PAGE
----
Real estate investment trusts and other real estate stocks are this year's Cinderella story, but jaundiced investors are probably wondering when the clock will strike midnight.
The average mutual fund investing in real estate is up 22.7% year to date through Aug. 2. Among sector funds, that's second only to health care, according to
. Healthy earnings and improved cash flow have certainly helped the industry. But more importantly, real estate funds have benefited from the fact that
REITs have been unloved for so long, and the undervalued sector looked appealing for investors fearing just about everything else.
"What has changed is the volatility of the market," says Arthur Hurley, portfolio manager of the
State Street Global Advisers Tuckerman Real Estate fund. The $47 million offering is up 31% so far in 2000.
It's not hard to find hot stocks in real estate. In the hotel area,
, up 47% year to date though Aug. 1, and
is up 46%. Office REITs are also enjoying a boost, with
, an owner of New York City properties, up 40.4% and
Equity Office Properties
, real estate guru Sam Zell's company, is up 27.7%. Even those specializing in apartments are enjoying a surge, with
, a bicoastal luxury apartment developer, up 41.9% and
Essex Property Trust
, based on the West Coast, up 49.1%.
Before this year, real estate funds had been mired in a slump. In 1998, they declined 9% as a group. The following year the funds went down 3.5%. But the volatility in technology and other high-growth sectors has moved some investors over to the REIT camp.
"For a long time there were sexier alternatives in the market," says Damon Andres, portfolio manager of the $110 million
Delaware REIT fund. "Momentum investing seemed to work, and there was overconfidence. That's changed."
Not only that, REITs have also displayed some compelling reasons on their own. They've had strong earnings growth. Of 70 REITs coming out with second-quarter earnings, more than half beat estimates.
Falling loan prices in anticipation that the
Federal Reserve is done raising interest rates have helped recently because that lowers the REITs' cost of capital. Rising mortgage rates might hurt office properties and mall developers but have been a boon during the past year for multifamily properties. Tenants stay in their apartments longer while they squirrel away money for a down payment.
At the beginning of the year, the stock prices that REITs were selling at were a discount of about 25% to 35% of the value of their properties. "They became a tremendous value," says Jim Throwbridge, portfolio manager of
Aim Advisers Real Estate fund. Now they are trading at about a 5% discount, though Throwbridge estimates that they could reach a
premium of 10%.
Of course, when investors see real estate funds up so much, some of them get nervous.
"REITs don't move like this," says Sam Jones, a financial adviser with
in Denver who uses quantitative models to make sector bets. Since June, he has been in real estate, which didn't emerge as a leader until the second quarter. The last time Jones was investing in REITs was three years ago. In 1997, real estate's last boom year, REITs were posting high double-digit returns. Many were trading at a premium in excess of 25% in the value of their underlying real estate and attracted leagues of momentum investors.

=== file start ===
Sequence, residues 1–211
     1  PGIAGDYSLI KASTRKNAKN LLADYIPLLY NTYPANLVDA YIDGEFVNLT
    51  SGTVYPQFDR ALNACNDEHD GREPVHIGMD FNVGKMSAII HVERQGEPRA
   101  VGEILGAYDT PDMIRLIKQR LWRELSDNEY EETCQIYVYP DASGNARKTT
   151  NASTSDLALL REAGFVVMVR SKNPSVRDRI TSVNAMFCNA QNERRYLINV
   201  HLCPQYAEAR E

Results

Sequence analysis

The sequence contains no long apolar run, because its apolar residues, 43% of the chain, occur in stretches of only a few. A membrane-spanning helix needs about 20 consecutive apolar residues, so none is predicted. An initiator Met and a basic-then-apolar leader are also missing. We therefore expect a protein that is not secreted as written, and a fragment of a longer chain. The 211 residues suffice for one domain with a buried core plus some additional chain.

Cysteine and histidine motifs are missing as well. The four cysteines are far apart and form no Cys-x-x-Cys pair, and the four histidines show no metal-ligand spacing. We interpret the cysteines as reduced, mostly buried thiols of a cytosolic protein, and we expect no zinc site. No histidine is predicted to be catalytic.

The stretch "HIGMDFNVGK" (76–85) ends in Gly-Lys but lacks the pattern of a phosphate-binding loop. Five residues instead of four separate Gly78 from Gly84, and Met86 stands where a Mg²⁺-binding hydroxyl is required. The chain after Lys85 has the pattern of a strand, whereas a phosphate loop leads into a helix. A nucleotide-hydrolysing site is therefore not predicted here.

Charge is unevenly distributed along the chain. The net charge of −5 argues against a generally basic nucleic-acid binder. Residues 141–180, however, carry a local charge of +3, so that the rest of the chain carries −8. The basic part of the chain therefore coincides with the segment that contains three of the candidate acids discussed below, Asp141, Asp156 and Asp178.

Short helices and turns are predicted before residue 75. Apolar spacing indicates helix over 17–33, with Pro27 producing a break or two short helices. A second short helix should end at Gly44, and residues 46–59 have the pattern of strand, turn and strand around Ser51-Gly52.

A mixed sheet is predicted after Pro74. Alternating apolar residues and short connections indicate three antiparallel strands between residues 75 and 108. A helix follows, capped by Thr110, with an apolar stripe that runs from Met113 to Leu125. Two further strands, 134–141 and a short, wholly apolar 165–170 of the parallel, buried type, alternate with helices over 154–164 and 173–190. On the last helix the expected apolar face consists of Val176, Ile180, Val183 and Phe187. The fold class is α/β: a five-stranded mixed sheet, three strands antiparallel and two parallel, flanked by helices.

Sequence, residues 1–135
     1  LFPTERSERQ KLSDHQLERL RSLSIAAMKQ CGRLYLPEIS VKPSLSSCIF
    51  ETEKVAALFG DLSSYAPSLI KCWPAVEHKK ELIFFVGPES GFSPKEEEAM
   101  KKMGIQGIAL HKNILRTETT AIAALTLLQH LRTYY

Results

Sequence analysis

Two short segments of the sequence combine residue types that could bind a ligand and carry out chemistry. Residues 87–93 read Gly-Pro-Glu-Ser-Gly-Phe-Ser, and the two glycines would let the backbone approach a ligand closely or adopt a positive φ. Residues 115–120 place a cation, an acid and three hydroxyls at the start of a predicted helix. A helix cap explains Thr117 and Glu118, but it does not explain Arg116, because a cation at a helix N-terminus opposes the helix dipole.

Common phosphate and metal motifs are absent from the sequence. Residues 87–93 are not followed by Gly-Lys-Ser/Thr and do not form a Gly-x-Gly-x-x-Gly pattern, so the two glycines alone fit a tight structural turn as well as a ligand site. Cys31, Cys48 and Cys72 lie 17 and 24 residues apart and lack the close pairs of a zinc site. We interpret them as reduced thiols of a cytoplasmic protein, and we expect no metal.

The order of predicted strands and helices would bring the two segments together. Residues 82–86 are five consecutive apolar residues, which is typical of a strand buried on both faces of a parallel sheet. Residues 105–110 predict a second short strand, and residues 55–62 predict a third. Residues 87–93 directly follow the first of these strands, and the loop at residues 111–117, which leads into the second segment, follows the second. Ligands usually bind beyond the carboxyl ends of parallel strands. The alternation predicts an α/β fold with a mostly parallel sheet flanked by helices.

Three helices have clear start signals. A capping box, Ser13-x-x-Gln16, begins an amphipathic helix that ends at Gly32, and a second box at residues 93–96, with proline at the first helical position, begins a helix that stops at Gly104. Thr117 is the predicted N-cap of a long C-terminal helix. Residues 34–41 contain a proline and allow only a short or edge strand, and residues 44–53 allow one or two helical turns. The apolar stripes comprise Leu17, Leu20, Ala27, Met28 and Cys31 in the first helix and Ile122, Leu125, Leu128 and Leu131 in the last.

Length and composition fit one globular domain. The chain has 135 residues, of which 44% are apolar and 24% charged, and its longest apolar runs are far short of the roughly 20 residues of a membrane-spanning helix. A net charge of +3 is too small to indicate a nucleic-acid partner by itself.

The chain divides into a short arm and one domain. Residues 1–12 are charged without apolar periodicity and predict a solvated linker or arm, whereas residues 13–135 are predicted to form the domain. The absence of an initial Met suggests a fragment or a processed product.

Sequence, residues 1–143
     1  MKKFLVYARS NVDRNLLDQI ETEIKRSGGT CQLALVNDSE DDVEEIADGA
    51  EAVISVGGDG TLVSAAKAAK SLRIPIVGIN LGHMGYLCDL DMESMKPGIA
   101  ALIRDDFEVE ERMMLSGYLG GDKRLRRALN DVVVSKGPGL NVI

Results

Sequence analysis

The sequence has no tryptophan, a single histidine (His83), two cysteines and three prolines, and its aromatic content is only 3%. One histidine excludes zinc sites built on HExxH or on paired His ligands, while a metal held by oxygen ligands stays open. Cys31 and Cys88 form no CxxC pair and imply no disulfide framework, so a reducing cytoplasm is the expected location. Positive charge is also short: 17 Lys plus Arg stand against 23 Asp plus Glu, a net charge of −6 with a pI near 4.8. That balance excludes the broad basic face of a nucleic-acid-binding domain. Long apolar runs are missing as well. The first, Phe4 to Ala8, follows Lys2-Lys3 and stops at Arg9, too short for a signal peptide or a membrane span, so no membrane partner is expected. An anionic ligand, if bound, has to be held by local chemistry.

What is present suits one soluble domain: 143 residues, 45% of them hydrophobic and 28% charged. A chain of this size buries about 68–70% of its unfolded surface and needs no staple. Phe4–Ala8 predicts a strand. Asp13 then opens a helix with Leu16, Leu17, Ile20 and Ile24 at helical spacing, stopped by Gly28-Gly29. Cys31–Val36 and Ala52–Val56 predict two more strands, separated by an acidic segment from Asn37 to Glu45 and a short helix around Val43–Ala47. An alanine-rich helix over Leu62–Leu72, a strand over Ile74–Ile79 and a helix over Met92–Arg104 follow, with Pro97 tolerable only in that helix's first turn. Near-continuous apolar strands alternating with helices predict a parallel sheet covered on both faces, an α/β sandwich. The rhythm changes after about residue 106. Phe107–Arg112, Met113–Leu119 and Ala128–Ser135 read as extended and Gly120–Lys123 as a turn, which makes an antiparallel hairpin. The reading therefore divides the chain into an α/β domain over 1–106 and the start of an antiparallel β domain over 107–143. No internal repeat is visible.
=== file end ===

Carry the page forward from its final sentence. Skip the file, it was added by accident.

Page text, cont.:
"REITs are not growth stocks," says Hurley of State Street. "Having investors looking for momentum
getting into the sector is not a solid investor group."
This time the euphoria might be different, real estate observers say. First, the stocks have recently come off a bottom. And three years ago there was concern about overbuilding, which didn't pan out. Demand for properties so far continues to outstrip supply.
Still, portfolio managers aren't ready to jump into the entire sector. While hotels, offices and apartments are favorites among investors, more than a few are shying away from nursing home operators, home builders and self-storage.
"When you look at something like office properties that have stable cash flows, health care just isn't as attractive to investors," says Andres of Delaware.
The political risk associated with Medicare reimbursement rates keeps some investors at bay. The government sets the rates that it will reimburse hospitals and nursing homes, and the hospital operators have limited ability to negotiate them.
Even those few setbacks don't dissuade investors. Jones and others still see more room for gains before the year is out.
Louis Stanasolovich, financial planner with
in Pittsburgh, says he keeps about 5% to 10% of clients' money in real estate for diversification. Real estate, because of its value nature, acts like a buffer for more high charging growth stocks.
But even proponents of real estate such as Stanasolovich don't think the market can continue to keep up the torrid pace. "I don't expect in the next 12 to 24 months that we'll see 10% to 15% returns," Stanasolovich says. "It's not tech."